Robbie was the youngest child in a large family and was pretty much left to his own. One of his favorite things to do in the winter was to slide and skate on the frozen pond. Even though the teachers had strictly forbidden children to play there, that didn’t stop Robbie.


Every day he would sneak down to the pond at recess, always listening for the teacher to ring the bell, then run quickly to the playground to come in with his classmates. One spring, the thaw came early and what had been a solid sheet of ice just the day before was paper thin and gave way under Robbie’s weight. He slipped under the ice and floated far enough downstream that he couldn’t break through. That day, when the school bell rang, Robbie didn’t return. When he didn’t come home that night, his father and brothers finally went looking for him. Several days later when the ice had melted completely and the stream ran clear, they found his lifeless body. They buried him in a small grave at the edge of town. Over the years, his whole family moved away, leaving Robbie alone. Now that they were gone, Robbie stayed at the school, coming obediently whenever the teacher rang the recess bell.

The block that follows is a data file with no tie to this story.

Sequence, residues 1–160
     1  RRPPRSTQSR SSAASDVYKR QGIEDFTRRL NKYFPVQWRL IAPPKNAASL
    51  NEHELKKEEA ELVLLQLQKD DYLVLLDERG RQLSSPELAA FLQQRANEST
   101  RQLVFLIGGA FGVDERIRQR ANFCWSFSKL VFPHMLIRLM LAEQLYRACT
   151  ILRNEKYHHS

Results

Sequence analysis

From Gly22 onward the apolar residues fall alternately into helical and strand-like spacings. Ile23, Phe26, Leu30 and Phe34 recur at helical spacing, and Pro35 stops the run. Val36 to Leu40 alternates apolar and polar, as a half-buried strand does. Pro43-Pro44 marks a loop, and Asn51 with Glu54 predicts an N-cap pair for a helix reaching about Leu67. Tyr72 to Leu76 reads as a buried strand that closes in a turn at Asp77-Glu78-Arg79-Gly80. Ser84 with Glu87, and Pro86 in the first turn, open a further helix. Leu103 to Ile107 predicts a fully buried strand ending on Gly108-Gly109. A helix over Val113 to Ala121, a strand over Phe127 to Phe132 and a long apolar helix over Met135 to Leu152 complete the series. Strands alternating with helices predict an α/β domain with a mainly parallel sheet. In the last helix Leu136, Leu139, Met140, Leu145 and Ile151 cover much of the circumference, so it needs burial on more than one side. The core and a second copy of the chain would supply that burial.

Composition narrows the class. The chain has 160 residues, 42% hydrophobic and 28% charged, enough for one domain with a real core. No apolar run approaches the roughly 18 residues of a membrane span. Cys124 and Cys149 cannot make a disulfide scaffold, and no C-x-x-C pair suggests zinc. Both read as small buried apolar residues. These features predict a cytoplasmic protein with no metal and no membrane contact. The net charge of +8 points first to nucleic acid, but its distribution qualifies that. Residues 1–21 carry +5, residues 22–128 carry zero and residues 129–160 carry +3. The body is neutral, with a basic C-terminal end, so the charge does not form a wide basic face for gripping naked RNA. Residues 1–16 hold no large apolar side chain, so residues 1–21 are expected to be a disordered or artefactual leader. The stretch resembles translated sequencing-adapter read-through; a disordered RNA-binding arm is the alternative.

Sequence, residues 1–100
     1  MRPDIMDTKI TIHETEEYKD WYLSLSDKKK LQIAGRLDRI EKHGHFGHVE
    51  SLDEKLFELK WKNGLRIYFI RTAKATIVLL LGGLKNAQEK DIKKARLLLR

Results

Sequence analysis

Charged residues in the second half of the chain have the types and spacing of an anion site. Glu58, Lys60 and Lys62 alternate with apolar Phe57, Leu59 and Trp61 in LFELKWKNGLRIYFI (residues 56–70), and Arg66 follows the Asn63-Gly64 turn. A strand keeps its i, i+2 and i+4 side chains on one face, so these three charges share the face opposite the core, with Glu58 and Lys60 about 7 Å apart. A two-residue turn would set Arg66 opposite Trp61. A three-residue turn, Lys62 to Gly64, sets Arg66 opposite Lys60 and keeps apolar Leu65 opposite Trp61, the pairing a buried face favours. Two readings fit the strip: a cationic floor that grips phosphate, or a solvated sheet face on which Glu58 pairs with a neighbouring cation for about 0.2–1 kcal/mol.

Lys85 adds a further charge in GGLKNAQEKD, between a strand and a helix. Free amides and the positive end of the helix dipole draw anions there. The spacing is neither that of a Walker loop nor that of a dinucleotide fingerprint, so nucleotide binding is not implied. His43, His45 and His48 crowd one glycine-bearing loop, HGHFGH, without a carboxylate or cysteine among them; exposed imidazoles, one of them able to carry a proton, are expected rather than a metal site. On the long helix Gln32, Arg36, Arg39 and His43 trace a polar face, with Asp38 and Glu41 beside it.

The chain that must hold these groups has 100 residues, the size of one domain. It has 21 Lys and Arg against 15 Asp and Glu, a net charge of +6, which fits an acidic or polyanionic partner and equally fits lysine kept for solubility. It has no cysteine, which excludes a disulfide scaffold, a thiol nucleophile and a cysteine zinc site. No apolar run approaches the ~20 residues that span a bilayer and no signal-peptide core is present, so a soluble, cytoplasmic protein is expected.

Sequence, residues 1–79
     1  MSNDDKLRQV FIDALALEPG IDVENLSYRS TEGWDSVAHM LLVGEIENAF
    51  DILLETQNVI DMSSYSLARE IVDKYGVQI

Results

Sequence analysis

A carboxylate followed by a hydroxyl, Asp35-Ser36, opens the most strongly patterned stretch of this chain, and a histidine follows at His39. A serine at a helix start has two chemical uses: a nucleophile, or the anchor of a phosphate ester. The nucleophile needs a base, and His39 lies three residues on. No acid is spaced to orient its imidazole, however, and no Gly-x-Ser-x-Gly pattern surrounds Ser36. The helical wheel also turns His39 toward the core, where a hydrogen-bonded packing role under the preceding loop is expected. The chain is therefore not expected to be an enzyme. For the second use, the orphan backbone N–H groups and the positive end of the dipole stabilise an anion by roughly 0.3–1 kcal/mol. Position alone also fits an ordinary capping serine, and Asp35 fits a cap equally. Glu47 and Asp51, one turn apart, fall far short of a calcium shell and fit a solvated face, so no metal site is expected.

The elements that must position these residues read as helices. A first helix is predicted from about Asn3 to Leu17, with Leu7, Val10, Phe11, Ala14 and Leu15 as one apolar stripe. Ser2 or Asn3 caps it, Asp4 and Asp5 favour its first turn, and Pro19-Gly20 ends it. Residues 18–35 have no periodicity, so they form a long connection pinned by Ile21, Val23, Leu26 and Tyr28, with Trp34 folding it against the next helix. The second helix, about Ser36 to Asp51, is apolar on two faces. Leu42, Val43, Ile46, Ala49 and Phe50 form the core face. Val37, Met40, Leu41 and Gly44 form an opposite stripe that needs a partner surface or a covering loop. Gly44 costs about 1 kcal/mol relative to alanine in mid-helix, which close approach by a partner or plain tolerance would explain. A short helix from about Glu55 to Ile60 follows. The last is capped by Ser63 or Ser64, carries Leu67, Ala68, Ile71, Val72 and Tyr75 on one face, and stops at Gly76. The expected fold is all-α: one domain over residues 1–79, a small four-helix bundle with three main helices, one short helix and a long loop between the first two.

At the end of my fifth grade year, we moved to another town and I never saw Robbie again, but I will never forget his pale, wet hair, his shy face and his puddle of water.


When they tore the old school down, my dad rescued the bell from a pile of rubble. Just last month, my mother sent the bell to me. I picked it up for the first time in 50 years and with all the authority of a teacher, clutched it tightly in my hand and rang it. Its sharp melody sang out and I could almost hear the children coming in from recess. That’s when I noticed the wet footprints in my front hallway and the puddle of water in front of the piano where I keep the bell.


Now, when I’m feeling lonely or nostalgic, I ring the old bell. Robbie always comes, answering the recess bell after all these years.

June 03, 2020 20:40

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2 comments

13:05 Jun 11, 2020

I like how you started with the dripping noise and hinted that no one else could hear the noise or see the Robbie but that he was still real to the narrator. Great job!

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Julia Gibson
15:52 Jun 25, 2020

Thank you for your comments. BTW, I still have the bell. ;)